Discover CEO: Best credit doesn’t mean best rates

Posted Feb. 3, 2010 at 6:43 a.m.

blog-credit.jpgMcClatchy Tribune Newspapers
People with the best credit used to be able to count on the lowest credit card rates. But that’s no longer necessarily going to be the case with the passage of the nation’s new law on credit cards, said David Nelms, CEO of Discover Financial Services, referring to changes under the Credit Card Accountability, Responsibility and Disclosure Act.

The Credit Card Accountability, Responsibility and Disclosure Act will benefit some people and hurt others, said Nelms, who was in Utah visiting the company’s largest call center operation Tuesday, in West Valley. For those with good credit, “the ultra-low rates of the past 10 years aren’t going to be available anymore.”

Nelms, at the helm of Discover since 2004, said card companies such as Discover will move away from “risk-based” pricing toward a more single-rate system for card holders — quite a switch from the wide-ranging rates of the last decade.

For years, the very lowest single-digit rates went to people with the best credit, with the highest double-digit rates going to those with the worst.

Bill Hardekopf, CEO of, a Web site that tracks the credit card industry, said Nelms’ prediction doesn’t come as a surprise.

Over just the past year, “there already are fewer cards with lower rates,” Hardekopf said. “Because card companies are more restricted in what they can do, they appear to be trying to make more money off their good customers. We’re seeing not only higher interest rates, but a cutback in rewards, more annual fees and new fees.”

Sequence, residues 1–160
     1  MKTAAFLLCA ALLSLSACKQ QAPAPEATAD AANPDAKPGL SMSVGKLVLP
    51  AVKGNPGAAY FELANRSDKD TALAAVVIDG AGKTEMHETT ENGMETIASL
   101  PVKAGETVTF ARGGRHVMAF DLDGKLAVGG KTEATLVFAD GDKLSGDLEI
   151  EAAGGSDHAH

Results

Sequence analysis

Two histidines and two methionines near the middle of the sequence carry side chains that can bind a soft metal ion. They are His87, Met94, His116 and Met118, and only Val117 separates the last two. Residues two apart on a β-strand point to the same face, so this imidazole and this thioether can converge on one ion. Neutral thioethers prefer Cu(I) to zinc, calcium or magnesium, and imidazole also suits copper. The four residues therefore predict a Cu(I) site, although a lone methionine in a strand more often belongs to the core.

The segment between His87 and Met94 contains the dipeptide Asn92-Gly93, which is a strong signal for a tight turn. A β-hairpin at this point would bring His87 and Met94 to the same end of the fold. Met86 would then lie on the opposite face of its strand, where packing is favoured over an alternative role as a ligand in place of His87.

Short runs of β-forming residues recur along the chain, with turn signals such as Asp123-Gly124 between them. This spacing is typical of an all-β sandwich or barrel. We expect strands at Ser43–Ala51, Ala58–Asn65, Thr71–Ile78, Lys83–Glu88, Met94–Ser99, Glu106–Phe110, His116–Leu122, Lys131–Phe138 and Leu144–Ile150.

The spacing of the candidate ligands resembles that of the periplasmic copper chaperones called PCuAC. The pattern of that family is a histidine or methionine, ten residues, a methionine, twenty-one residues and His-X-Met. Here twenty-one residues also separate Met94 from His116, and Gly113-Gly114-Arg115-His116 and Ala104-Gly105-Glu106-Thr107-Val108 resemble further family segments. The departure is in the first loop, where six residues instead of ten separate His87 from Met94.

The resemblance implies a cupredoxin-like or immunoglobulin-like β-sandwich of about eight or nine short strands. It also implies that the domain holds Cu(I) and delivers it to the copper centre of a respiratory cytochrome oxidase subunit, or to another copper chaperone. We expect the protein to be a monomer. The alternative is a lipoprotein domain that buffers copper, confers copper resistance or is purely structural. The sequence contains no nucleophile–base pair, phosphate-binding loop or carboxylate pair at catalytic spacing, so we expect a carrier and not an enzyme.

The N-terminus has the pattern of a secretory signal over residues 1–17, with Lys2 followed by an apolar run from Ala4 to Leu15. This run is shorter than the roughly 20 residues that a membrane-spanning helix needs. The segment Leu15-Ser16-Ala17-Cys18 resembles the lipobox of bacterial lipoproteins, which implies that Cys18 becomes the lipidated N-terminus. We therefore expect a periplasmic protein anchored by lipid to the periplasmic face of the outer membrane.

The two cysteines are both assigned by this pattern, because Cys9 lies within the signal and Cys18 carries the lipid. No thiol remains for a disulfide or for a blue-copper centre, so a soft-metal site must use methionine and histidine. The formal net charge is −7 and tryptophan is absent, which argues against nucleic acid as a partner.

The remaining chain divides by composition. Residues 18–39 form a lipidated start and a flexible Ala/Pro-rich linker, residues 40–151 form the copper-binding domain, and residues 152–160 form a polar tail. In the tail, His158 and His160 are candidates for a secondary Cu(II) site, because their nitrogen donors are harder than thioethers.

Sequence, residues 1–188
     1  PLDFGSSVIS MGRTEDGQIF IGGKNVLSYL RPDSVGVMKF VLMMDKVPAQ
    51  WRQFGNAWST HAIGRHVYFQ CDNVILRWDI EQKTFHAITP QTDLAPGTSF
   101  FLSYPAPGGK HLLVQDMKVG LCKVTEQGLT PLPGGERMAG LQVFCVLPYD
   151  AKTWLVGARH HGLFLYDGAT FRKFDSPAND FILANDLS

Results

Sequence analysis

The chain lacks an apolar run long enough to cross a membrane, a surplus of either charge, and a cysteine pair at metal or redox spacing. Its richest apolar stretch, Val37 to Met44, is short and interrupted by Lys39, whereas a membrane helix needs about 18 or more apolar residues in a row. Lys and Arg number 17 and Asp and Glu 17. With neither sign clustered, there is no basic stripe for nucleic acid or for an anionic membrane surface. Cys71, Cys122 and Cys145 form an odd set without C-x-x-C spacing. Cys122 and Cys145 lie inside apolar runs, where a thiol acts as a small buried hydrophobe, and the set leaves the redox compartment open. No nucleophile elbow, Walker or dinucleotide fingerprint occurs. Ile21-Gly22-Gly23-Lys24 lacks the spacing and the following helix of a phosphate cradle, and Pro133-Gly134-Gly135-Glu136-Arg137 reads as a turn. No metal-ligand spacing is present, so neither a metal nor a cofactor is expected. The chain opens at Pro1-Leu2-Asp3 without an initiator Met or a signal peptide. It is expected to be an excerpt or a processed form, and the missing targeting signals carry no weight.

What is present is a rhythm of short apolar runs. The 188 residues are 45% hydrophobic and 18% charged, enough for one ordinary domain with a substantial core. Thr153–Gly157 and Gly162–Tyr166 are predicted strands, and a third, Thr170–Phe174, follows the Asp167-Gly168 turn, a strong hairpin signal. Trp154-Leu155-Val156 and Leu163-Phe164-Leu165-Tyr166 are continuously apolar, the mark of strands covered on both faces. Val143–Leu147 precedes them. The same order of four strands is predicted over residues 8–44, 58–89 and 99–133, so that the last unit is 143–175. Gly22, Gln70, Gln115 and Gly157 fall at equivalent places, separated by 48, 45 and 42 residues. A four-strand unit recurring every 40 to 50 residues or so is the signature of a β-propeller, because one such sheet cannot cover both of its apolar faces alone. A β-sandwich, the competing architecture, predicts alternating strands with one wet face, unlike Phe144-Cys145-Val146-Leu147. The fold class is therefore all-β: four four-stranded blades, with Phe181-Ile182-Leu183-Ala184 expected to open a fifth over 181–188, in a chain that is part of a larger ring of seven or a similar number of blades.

first part of the CARD Act went into effect last year, with the second phase beginning Feb. 22. The law, designed to help consumers, restricts, among other things, the ability of card companies to raise rates — a primary source of revenue.

Discover has one of the two national “closed-loop” credit card networks (the other being American Express) that issue their own proprietary brand of credit cards. That’s different than Visa and Mastercard, which are credit card networks. (Banks, credit unions and other financial services companies issue cards under the Visa and Mastercard banner.)

In addition to cards, Discover offers a wide range of services beyond credit cards, including depository accounts, certificates of deposit, student loans and personal loans.

But cards remain a core business. According to stock-analyst firm Morningstar, Discover’s credit card network, once much smaller in scope than Visa and MasterCard, is reaching the same acceptance levels of its rivals.

In addition, Morningstar analyst Michael Kon says Discover’s acquisition of Diners Club International is helping expand the company’s network even further.

But Discover, which employs 3,220 people at 2500 Lake Park Blvd. in West Valley, still has its challenges. Nelms says although 25 percent of households have a Discover Card, the company accounts for only 6 percent to 7 percent of the overall credit card volume.

That has led to a number of initiatives designed to get people to use Discover cards that aren’t being charged on, and for those that already are using Discover cards, to use them more.

One of those included coupons last fall in the Sunday newspaper worth $1 or $2 off any purchase made with a Discover card, depending on the region. Exclusive discounts and extra “cash back” on certain types of purchases each month are designed to be another motivator. This year, the company is giving away $1 million to one card holder and prizes of $25 to $500 to 75 card holders each day.

“Some things work, some don’t work,” Nelms said. “We’re always trying something new.”



One comment:

  1. Armida Minus Feb. 24, 2010 at 9:52 a.m.

    I don’t usually reply to posts but I will in this case. WoW